I was born in 1951,my grandparents lived at 5 Dunloe Avenue.I had photos of the coronation decorations in the area for 1953.The houses were rented out by Rowleys,their ’workers yard’ was at the top of Dunloe Avenue.The house was fairly big 3 bedroom with bath and toilet upstairs,and kitchenette downstairs -a fairly big garden.My Grandmother died 1980 and the house was taken back to be rented again

Reply

NEARBY STREETS
Aspen Close, KT1 Aspen Close is a road in the KT1 postcode area
Baygrove Mews, KT1 Baygrove Mews is a road in the KT1 postcode area
Becketts Place, KT1 Becketts Place is a road in the KT1 postcode area
Becketts Wharf, KT1 A street within the KT1 postcode
Bennet Close, KT1 Bennet Close is a road in the KT1 postcode area
Bennett Close, KT1 A street within the KT1 postcode
Beverley Road, KT1 Beverley Road is a road in the KT1 postcode area
Blagrove Road, TW11 A street within the TW11 postcode
Broom Close, TW11 Broom Close is one of the streets in the Twickenham postal district.
Broom Park, TW11 Broom Park is one of the streets in the Twickenham postal district.
Bushy Park Road, TW11 Bushy Park Road is one of the streets in the Twickenham postal district.
Bushy Park, TW11 Bushy Park is one of the streets in the Twickenham postal district.
Carlisle Court, TW11 A street within the TW11 postcode
Cedars Road, KT1 Cedars Road is a road in the KT1 postcode area
Cherwell Court, TW11 A street within the TW11 postcode
Conifers Close, TW11 Conifers Close is a road in the TW11 postcode area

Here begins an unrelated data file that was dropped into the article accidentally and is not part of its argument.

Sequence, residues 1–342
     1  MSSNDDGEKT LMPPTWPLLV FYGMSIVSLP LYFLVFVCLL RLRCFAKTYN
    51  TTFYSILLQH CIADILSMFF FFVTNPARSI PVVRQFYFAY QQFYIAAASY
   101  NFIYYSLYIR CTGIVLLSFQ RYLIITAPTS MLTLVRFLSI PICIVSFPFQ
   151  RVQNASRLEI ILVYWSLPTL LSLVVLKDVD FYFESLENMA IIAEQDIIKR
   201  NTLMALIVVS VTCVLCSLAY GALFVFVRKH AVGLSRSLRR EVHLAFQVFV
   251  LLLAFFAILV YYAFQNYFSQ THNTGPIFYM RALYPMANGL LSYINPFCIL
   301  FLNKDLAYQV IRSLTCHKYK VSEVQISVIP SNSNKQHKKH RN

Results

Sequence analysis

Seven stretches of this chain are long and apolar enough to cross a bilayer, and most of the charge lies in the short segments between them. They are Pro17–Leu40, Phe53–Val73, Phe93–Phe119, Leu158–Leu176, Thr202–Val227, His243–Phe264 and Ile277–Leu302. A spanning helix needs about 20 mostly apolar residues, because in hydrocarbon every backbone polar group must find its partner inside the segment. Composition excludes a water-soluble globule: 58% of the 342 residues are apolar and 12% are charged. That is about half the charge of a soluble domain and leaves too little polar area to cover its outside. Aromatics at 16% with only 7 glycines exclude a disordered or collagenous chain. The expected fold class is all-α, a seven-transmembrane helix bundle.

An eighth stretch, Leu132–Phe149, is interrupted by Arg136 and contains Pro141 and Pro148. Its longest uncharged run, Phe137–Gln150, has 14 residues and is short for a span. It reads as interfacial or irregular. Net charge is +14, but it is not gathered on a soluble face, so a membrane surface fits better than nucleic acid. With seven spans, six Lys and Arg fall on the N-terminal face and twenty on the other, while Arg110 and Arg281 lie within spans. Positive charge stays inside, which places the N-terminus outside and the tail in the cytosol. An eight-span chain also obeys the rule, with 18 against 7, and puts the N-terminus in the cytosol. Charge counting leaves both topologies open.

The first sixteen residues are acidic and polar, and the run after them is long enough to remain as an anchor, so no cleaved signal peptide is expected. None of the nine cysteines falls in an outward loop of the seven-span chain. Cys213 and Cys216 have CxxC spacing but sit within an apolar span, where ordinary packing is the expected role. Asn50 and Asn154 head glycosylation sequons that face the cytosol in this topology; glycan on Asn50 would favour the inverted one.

Craufurd Court, TW11 A street within the TW11 postcode
Elton Close, KT1 Elton Close is a road in the KT1 postcode area
Glamorgan Road, KT1 Glamorgan Road is a road in the KT1 postcode area
Hamble Court, TW11 A street within the TW11 postcode
High Street Hampton Wick, KT1 A street within the KT1 postcode
Jubilee Close, KT1 Jubilee Close is a road in the KT1 postcode area
Langdon Park, TW11 Langdon Park is one of the streets in the Twickenham postal district.
Lexington Place, KT1 Lexington Place is a road in the KT1 postcode area
Lindum Road, TW11 Lindum Road is a road in the TW11 postcode area
Lower Teddington Road, KT1 Lower Teddington Road is a road in the KT1 postcode area
Mary Crellin House, TW11 A street within the TW11 postcode
Monmouth Avenue, KT1 A street within the KT1 postcode
Needham Court, TW11 A street within the TW11 postcode
Normansfield Avenue, TW11 Normansfield Avenue is one of the streets in the Twickenham postal district.
Normansfield Court, TW11 A street within the TW11 postcode
Palgrave Court, TW11 A street within the TW11 postcode
Park Road, KT1 Park Road is a road in the KT1 postcode area
Raeburn Close, KT1 A street within the KT1 postcode
Railway Wharf, KT1 A street within the KT1 postcode
Salamander Quay, KT1 A street within the KT1 postcode
School House Lane, TW11 School House Lane is one of the streets in the Twickenham postal district.
School Lane, KT1 A street within the KT1 postcode
School Road, KT1 A street within the KT1 postcode
Seymour Road, KT1 Seymour Road is a road in the KT1 postcode area
Site Office, TW11 A street within the TW11 postcode
Southcott Road, TW11 A street within the TW11 postcode
Spinnaker Court, KT1 A street within the KT1 postcode
Station Road, KT1 Station Road is a road in the KT1 postcode area
Thameside Place, KT1 A street within the KT1 postcode
The Langdon Down Centre 2a, KT1 A street within the TW11 postcode
Tremanton Place, TW11 Tremanton Place is a road in the TW11 postcode area
Trematon Place, TW11 Trematon Place is one of the streets in the Twickenham postal district.
Tynamara, KT1 A street within the KT1 postcode